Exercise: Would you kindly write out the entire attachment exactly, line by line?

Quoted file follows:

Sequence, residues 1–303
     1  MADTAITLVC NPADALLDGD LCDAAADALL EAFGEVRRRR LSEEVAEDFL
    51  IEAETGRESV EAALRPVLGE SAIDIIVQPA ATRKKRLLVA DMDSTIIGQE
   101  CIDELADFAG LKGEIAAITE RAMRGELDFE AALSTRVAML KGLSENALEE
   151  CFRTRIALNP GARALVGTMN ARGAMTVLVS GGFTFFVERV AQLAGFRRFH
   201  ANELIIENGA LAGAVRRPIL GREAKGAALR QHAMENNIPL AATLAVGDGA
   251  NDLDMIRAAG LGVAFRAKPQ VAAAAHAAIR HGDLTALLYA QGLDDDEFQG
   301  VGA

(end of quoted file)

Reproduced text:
Sequence, residues 1–303
     1  MADTAITLVC NPADALLDGD LCDAAADALL EAFGEVRRRR LSEEVAEDFL
    51  IEAETGRESV EAALRPVLGE SAIDIIVQPA ATRKKRLLVA DMDSTIIGQE
   101  CIDELADFAG LKGEIAAITE RAMRGELDFE AALSTRVAML KGLSENALEE
   151  CFRTRIALNP GARALVGTMN ARGAMTVLVS GGFTFFVERV AQLAGFRRFH
   201  ANELIIENGA LAGAVRRPIL GREAKGAALR QHAMENNIPL AATLAVGDGA
   251  NDLDMIRAAG LGVAFRAKPQ VAAAAHAAIR HGDLTALLYA QGLDDDEFQG
   301  VGA